Posted by zzhu at 06:27 PM

November 17, 2009

Winter 2010 Course - ASIAN 261: "Modern Chinese Culture"

Posted by zzhu at 02:56 PM

November 15, 2009

TONIGHT!!! Livestream of President Obama's Shanghai town hall

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President Barack Obama arrived in Shanghai late Sunday evening local time. In a few hours time, he will hold a town hall meeting with Chinese youth. The event, to be livestreamed on the White House Web site, is scheduled to start Monday at 12:45pm local time in Shanghai which means late Sunday night at 11:45pm EST.

The live streaming of the Shanghai town hall concluded at around 1:10am EST, November 16. 2009. The event in its entirety can be watched below.

Posted by zzhu at 03:02 PM

November 13, 2009

Distinguished historian and curator of Chinese art to give lecture at the Detroit Institute of Arts

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Please click on the flier for additional information.

Posted by zzhu at 11:57 AM

November 12, 2009

Ken Lieberthal previews President Obama's first trip to China - PLUS your chance to comment!

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As President Barack Obama prepares to embark on his first trip to China from November 15 to November 18, 2009, Kenneth Lieberthal, Professor Emeritus and director of the John L. Thornton China Center at the Brookings Institution, took questions about the president's trip in a recent edition of the Brookings Scouting Report.

After reading the complete transcript, you are invited to contribute comments here.

Posted by zzhu at 10:38 PM

November 11, 2009

CCS Photo Contest Exhibit - EXTENDED THROUGH NOVEMBER, 2009

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2009 CCS Photo Competition Results

Student Competition
First place: Marilyn Mai – "Beijing’s B-boys"
Second place: Brett Linowes – "Gossip Girls"
Third place: Elizabeth Yarina – "Construction Tags"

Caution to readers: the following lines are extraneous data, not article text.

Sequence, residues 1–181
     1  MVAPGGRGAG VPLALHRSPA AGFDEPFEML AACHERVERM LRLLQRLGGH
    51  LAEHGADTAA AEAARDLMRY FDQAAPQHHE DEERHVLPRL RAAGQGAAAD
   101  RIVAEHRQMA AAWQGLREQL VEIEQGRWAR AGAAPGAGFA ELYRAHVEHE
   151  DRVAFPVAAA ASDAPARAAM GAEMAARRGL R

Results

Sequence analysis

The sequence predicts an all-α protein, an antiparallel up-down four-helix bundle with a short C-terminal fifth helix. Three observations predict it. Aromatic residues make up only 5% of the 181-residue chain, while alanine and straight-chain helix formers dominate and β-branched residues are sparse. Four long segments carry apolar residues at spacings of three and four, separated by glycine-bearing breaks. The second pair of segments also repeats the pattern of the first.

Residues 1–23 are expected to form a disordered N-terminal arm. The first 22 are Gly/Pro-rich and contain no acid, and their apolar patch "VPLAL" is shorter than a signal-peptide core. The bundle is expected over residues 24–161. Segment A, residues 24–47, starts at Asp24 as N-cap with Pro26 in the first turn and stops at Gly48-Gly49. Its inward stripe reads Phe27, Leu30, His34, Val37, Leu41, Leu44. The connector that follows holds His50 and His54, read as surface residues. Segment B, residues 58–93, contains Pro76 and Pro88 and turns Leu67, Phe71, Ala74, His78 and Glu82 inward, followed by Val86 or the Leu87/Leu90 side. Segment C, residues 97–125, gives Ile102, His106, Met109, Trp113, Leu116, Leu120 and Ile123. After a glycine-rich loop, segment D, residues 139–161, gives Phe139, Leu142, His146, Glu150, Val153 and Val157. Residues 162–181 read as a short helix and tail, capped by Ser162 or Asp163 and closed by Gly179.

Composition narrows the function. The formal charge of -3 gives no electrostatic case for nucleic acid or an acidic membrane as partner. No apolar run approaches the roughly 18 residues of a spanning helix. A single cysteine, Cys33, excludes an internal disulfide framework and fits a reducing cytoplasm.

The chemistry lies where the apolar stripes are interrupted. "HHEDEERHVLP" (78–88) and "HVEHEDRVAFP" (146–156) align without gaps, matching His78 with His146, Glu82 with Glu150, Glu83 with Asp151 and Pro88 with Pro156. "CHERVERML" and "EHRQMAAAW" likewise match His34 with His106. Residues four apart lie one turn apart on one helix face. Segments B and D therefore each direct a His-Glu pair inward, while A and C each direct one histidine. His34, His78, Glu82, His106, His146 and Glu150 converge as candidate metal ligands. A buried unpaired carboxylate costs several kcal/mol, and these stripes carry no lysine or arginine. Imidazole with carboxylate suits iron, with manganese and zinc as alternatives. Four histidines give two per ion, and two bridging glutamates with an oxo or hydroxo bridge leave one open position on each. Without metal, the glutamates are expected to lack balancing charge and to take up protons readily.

Honorable mention:
• Jennifer Dai – "Colonel Sanders in the Mountains of Yangshuo"
• Elaine Denny – "Yak Milk Tea and Satellite TV"
• Lai Sze Tso – "Family Planning"

Open Competition:
First place: Thomas Talhelm – "Living Protest"
Second place:
• Cameron Campbell – "Bar in a Hutong Neighborhood"
• Marilyn Mai – "Human Dignity and the Future of the Country"
Third place:
• Xuezhao Lan – "The Streets of Old Dali"
• Wei Ping Teoh – "Wuzhen: The Past in the Present"
• Lingyun Xu – "Mao: Serve the People"
Honorable mention:
• Mike Anderson – "The View from Mt. Emei"
• Marilyn Mai – "This Used to be Home"
• Mary Ann Ray – "Huang Rui and Mao Mao"

All entries in the final round of the competition, including the winnings ones, can now be viewed online in the CCS Press Room.

Posted by zzhu at 11:42 PM

Michigan eyes China as top export market

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Please click on graphics to read the Detroit News article.

Posted by zzhu at 02:13 PM

November 10, 2009

Ken Lieberthal discusses China and the environment on the Diane Rehm Show

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10am, Thursday, November 5, 2009
China, Coal, and Climate Change

Guest host: Susan Page

China has become the world's leading producer of greenhouse gasses – in large part from burning coal. An update on collaborative efforts between the U.S. and China to reduce coal plant emissions and why they could be key to addressing global climate change.


Kenneth Lieberthal, Director, John L. Thornton China Center, The Brookings Institution; Former senior director for Asia at the National Security Council.

Orville Schell, Director, Center on U.S. - China Relations, Asia Society

Bruce Stokes, National Journal, international economics columnist German Marshall Fund, fellow

Posted by zzhu at 04:42 PM

Champion Learning Speaker Series featuring Dr. Yong Zhao

Dexter Community Schools present the Champion Learning Speaker Series
Dr. Yong Zhao
University Distinguished Professor at the College of Education, Michigan State University

6:30pm, Thursday November 12, 2009
Dexter High School, 2200 N. Parker Road
Dexter, MI 48130

Dr. Zhao serves as the founding director of the Center for Teaching and Technology, executive director of the Confucius Institute, as well as the US-China Center for Research on Educational Excellence. He is a fellow of the International Academy for Education. His areas of research are in global education, world languages, and educational technology, including computer gaming and education, diffusion of innovations, teacher adoption of technology, computer-assisted language learning, and globalization and education. For more information on Dr. Zhao, please visit his website here.

This event is open and free to the public. For more information, please contact Dexter High School at (734) 424-4240.

Posted by zzhu at 04:14 PM

November 09, 2009

Winter 2010 Course - History 251: "The Chinese Renaissance"

Posted by zzhu at 05:52 PM

Summer Language Fellowships, Middlebury Language Schools, deadline 02/01/2010

Middlebury Language Schools Announce Fellowship Opportunity for Summer 2010

Location: Vermont, United States
Fellowship Deadline: February 1, 2010

Kathryn Davis Fellowships for Peace: Investing in the Study of Critical Languages

Full Scholarships Available for Intensive Language Study at the Middlebury Summer Language Schools